Using Environmental Data to Design Smarter Supply Chains

Texas License Plate half Buried in Snow

Ten years ago, “What’s an environmental scientist doing in supply chain analysis?” would have been a good question. I might have even asked it myself before I took that exact step across the two industries.

These days, however, news items regularly illustrate the links between climate events and supply chain disruption: From sourcing and production to logistics and distribution, no aspect of the modern supply chain is immune to the effects of environmental extremes, and supply chain managers are constantly reminded of the need to incorporate environment and climate-related risk into their supply chain strategies.

Most of them simply don’t know how to make the best use of the tools and information available – and that’s exactly where we come in.

 

Expertise and Information: The One-Two Punch

Incorporating agility and resilience into your supply chain requires much more than just a piece of technology: The best tools and design solutions can’t deliver optimization if they’re not paired with a team of people who have the experience and know-how to address a range of challenges from expected highly seasonal demand to globe-spanning rapid changes in consumer behavior.

I’ve worked with satellite data that provides an unprecedented picture of regional changes in wildfire risk, crop yields, and flooding already occurring. Temperature, greenness, sea level, emissions, reflectance: All of these can be measured from orbit, and each dataset can be used as a proxy for conditions that can affect supply chain operations.

And while data gathering becomes more comprehensive and granular, the science of climate modeling has become sufficiently mature that data products summarizing predictions of regional changes in flooding, growing season, storms, sea level and other disruptions are now widely available and increasingly reliable.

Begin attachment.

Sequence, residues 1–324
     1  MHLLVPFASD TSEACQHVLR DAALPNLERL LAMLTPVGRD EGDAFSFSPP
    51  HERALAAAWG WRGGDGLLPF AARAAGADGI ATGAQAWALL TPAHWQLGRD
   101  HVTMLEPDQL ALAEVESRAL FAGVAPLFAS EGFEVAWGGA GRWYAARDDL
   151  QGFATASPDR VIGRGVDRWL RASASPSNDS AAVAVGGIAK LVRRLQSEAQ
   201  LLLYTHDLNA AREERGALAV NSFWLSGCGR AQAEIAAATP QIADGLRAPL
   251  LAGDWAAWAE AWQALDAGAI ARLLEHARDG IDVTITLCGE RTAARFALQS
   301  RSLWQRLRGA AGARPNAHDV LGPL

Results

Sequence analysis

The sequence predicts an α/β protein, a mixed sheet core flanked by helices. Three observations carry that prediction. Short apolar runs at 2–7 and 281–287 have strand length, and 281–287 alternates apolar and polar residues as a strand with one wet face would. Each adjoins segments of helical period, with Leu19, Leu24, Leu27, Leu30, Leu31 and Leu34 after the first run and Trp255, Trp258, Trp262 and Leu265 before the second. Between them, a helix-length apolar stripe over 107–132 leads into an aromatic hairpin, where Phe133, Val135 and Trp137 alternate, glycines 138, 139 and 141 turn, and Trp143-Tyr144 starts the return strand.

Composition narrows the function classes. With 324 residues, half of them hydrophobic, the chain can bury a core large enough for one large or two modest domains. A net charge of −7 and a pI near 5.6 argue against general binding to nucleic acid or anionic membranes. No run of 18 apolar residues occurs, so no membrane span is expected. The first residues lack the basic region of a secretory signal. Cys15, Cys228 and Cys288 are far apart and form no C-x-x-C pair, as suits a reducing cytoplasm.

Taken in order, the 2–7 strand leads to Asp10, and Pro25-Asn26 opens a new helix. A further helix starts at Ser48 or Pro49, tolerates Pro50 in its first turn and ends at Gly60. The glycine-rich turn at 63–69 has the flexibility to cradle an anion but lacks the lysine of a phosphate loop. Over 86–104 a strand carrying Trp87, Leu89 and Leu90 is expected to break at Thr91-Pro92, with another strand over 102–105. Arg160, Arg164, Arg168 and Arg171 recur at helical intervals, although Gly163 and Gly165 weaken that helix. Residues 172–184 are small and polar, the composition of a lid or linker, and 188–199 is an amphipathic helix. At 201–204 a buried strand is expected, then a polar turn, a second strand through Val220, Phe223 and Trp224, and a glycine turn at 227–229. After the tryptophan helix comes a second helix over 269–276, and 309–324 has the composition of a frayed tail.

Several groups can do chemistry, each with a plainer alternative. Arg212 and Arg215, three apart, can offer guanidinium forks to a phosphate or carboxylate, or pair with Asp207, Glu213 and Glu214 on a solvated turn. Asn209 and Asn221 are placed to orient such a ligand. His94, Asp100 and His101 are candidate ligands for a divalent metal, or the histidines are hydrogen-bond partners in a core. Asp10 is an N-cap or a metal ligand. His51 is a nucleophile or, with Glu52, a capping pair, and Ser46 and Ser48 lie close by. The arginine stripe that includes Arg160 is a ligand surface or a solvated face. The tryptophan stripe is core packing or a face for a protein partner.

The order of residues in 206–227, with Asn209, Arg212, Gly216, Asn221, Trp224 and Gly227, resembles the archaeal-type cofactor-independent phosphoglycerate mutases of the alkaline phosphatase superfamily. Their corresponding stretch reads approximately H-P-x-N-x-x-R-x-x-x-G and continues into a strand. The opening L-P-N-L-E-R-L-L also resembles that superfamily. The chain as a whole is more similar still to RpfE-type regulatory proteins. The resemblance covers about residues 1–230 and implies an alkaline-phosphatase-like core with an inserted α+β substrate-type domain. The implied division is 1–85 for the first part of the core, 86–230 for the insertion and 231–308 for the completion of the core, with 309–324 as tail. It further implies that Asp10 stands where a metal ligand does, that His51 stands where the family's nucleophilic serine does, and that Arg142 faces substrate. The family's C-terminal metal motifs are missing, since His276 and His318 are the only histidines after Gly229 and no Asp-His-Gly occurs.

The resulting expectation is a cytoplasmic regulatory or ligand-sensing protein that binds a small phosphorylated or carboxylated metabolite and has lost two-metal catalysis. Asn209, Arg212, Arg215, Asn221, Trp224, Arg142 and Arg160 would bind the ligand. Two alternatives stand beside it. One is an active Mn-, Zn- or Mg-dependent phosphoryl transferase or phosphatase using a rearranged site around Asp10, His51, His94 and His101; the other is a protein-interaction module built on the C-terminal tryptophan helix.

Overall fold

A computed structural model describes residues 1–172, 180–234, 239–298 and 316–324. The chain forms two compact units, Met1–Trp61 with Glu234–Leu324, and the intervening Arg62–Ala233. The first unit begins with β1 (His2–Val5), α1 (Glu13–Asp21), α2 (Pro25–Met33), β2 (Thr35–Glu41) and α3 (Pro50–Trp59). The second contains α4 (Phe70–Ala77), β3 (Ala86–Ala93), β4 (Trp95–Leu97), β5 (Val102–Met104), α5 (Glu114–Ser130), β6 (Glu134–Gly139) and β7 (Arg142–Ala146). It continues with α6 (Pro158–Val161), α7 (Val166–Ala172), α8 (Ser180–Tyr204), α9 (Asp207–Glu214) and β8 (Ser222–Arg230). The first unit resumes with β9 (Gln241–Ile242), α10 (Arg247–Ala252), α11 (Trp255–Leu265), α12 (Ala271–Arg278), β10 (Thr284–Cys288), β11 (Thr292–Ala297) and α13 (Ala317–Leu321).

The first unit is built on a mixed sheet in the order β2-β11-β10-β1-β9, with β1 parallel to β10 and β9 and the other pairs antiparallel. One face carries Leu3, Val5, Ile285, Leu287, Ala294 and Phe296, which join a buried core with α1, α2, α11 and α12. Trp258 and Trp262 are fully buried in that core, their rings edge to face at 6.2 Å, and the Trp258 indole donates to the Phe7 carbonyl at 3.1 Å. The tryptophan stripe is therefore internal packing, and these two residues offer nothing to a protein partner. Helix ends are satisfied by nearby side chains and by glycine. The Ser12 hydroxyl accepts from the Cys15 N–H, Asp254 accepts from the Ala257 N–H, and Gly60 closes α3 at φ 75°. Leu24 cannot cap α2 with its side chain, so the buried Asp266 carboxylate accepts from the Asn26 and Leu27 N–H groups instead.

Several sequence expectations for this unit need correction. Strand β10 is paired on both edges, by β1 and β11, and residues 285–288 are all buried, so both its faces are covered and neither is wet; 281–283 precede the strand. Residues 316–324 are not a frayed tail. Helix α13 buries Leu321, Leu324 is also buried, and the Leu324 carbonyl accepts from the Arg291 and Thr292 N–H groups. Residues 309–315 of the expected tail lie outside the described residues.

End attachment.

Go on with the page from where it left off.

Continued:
Environmental Data Makes the Difference

It’s not just theoretical. Let’s look at some real-world examples of environmental information used as business intelligence that can make a difference:

  • Longer dry seasons driven by shifts in temperature and the timing of precipitation will affect global Arabica coffee crops in coming decades. By linking changes in growing season with supply, coffee companies can modify procurement plans and be prepared for changes in distribution routes – and that’s resilience in sourcing.
  • In February 2021, ice storms cut off power and transportation across Texas beyond anyone’s expectations of timing and extent. Companies that were able to divert inventory or draw from safety stock saw their business impact minimized due to their agile response to disruption in logistics.
  • COVID-related backups at ports and the 2021 Suez Canal blockage disrupted supply chains worldwide and highlighted our reliance on the global shipping industry. Environmental data can help us prepare supply chain vulnerabilities against the effects of storm surges on offshore operations, or the impact of sea level changes on coastal facilities, reducing risk during infrastructure shutdown.
  • Safety stock allocation buffers the effect of variability in supply and demand – but inventory policies based on historic supply data are only truly effective when the future resembles the past. Use of modern environmental data products as part of your inventory strategy can improve predictions of variability in raw material supply and transportation lead times, offering built-in resilience against disruption.

 

Data Drives Decisions

Unilever’s Chief Supply Chain Officer recently commented that “At the end of the day, every dollar we spent on agility has probably got a 10x return on every dollar spent on forecasting or scenario planning.”

So why wouldn’t you want to incorporate environmental data into your supply chain planning? Its value isn’t going away: It can increase your visibility into risk of supply chain disruption at the tactical, operational, and strategic levels, enabling us to work with your company to identify how the risks may affect your ability to deliver finished goods and where increased flexibility and agility are required.

We can also link these risks to network model inputs, be they external supplier costs, raw material availability, warehousing needs, or logistics to quantify costs of disruption and remediation.

Whether we help you incorporate risk into your supply chain models from the ground up or use a digital twin of your existing network model, Profit Point can show you how to use environmental data to help mitigate at-risk components of your supply chain.

About Rina Schumer

Rina has 25 years of experience in the formulation and solution of data-driven models and optimization problems. She has a Master’s degree in Applied Mathematics and a PhD in Hydrogeology.

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